Saturday, June 6, 2009

Automotive Sculpture

I was browsing through some photographs recently that I had taken at an old car show. I came across this picture which shows the logo that adorned the radiator of an old automobile at the show. If you look beneath the three knights you can see the word "Graham". I became idly curious about Graham cars and started doing a little digging to find out more.

The Graham brothers (there were three of them) came from an Indiana farm background and near the turn of the 20th century they got involved with a glass-making factory. The company was one of the predecessors of what eventually became Libby-Owens-Ford (LOF) that became a major supplier of safety glass to the automotive industry. The brothers got interested in manufacturing light trucks based on modifying Ford's Model-T's. Eventually, they set up their own truck manufacturing business and began supplying trucks to Dodge. Dodge bought the brothers out but they weren't out for long. The Grahams took their profits and bought the recently-defunct Paige Motor Car Company and renamed it (surprise) the Graham-Paige Motor Company. They began producing cars in the late twenties when there was still a little "roar" left in the economy. By 1930, they had dropped the Paige part of the name and the cars became badged as simply Graham (although the public continued to call them Graham-Paige).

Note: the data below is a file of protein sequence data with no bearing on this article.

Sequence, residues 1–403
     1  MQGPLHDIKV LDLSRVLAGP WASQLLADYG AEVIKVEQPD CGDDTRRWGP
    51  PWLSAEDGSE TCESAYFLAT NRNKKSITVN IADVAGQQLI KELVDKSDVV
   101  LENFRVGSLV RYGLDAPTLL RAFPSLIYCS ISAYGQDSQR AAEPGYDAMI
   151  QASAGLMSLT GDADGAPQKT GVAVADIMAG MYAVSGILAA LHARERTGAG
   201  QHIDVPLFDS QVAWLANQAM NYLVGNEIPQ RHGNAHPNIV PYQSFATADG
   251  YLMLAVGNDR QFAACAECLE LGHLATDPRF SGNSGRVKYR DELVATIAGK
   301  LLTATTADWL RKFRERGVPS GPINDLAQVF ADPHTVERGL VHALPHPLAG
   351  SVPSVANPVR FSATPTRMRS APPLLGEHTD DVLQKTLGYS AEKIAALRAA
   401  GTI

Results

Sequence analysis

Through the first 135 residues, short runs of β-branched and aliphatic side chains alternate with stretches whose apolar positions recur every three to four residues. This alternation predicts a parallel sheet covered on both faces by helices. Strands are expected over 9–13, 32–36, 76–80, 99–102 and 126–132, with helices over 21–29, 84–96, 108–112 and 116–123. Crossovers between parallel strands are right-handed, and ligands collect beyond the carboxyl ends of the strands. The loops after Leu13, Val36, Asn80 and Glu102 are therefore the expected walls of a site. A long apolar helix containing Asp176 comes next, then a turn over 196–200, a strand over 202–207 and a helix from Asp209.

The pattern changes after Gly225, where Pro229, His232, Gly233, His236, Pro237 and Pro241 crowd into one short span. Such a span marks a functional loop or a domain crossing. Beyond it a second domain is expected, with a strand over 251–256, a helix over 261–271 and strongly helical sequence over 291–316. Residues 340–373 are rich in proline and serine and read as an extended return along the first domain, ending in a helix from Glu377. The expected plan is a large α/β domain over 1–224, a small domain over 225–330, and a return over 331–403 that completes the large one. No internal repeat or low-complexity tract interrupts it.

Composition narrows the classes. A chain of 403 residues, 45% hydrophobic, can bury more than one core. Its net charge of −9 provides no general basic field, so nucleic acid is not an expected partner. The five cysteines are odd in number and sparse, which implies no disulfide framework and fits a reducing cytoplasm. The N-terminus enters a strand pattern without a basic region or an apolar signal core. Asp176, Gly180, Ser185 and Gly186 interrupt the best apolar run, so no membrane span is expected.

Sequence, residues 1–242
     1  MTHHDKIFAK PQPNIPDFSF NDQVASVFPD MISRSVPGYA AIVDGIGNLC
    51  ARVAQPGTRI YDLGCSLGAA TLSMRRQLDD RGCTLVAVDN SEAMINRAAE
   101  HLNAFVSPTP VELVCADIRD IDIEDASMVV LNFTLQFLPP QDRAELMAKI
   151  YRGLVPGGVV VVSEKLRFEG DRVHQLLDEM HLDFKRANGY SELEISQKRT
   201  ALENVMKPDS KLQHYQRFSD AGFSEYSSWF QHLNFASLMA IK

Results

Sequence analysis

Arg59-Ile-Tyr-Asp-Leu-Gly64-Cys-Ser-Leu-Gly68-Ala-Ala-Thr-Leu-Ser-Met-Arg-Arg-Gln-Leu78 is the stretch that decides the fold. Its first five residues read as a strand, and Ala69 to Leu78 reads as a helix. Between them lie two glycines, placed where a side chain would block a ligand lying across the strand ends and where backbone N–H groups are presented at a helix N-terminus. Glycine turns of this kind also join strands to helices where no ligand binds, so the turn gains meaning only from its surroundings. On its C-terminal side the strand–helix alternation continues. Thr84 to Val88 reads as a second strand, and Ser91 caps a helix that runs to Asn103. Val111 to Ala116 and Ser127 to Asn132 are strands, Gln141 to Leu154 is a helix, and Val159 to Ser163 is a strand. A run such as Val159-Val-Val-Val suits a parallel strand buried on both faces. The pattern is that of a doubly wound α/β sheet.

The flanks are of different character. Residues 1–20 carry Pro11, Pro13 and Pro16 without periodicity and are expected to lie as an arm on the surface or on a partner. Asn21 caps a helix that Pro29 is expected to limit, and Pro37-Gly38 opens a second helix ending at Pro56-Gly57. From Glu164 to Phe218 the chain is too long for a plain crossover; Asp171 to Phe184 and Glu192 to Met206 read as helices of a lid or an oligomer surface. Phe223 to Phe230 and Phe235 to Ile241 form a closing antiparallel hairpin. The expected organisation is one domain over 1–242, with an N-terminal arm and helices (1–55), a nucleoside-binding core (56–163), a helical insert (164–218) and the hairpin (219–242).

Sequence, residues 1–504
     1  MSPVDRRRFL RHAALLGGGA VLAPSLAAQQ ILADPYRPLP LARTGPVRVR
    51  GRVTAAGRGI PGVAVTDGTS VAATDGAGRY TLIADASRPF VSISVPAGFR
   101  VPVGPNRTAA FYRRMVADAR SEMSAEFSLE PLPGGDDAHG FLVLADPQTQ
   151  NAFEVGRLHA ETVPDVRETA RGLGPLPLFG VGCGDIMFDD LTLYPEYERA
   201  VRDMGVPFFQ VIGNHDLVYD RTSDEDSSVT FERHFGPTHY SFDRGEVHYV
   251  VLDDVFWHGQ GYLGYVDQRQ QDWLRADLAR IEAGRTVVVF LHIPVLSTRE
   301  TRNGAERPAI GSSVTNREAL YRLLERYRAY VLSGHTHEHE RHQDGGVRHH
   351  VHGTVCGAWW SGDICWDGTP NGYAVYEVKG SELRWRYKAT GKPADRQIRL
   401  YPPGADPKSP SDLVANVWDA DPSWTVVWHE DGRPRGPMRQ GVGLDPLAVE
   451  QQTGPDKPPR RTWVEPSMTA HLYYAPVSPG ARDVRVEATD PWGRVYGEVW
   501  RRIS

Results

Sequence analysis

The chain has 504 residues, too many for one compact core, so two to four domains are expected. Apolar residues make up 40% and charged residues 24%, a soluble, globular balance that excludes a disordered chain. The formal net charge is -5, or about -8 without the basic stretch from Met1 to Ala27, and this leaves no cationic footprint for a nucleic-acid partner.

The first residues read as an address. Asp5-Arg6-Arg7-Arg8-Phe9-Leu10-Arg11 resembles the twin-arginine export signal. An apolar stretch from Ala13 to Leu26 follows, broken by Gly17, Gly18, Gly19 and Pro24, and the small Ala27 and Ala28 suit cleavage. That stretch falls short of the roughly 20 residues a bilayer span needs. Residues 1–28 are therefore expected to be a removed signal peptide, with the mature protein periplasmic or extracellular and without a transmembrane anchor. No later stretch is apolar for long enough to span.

So what was the symbolism of the logo? The icon on the radiator in my photo was designed for the Grahams by the (then) well-known Chicago sculptor, Laredo Taft (1860 - 1936). Now I became curious about Mr. Taft. Digging around, I found the following:

The badge is meant to represent the three Graham brothers as valiant white knights that come to the rescue of troubled car companies. I guess the brothers actually felt that way about themselves.

Taft, as it turns out, usually designed much bigger works starting with statues on the Horticultural Building in the 1893 Chicago World's Columbian Exposition. His largest work is a 126 foot-long sculpture in Washington Park in Chicago, entitled Fountain of Time.

The sculpture honors the 100 years of peace that had endured between the U.S. and Great Britain beginning with the Treaty of Ghent in 1814. It shows 100 figures at all stages of life parading past Father Time. Taft even put himself in the sculpture as you can see in this photo.

The sculpture itself is inspired by Henry Austin Dobson's poem, "Paradox of Time". The poem contains the line:

Time goes, you say? Ah no, Alas, time stays, we go.

But I digress. Back to the Graham boys. Time was not kind to the Graham Automobile Company. The company creaked on through most of the Great Depression losing money every year except 1933. By 1940 with World War II approaching, the company switched to government contracting and became profitable. No Graham cars were ever built again. Even then, curiously, the government rescued car makers from total demise!

So my photo of the radiator ornament taught me a lot. I now know something about the Grahams, Lorado Taft, and the unlikely connections between technology and art. Who would have guessed?

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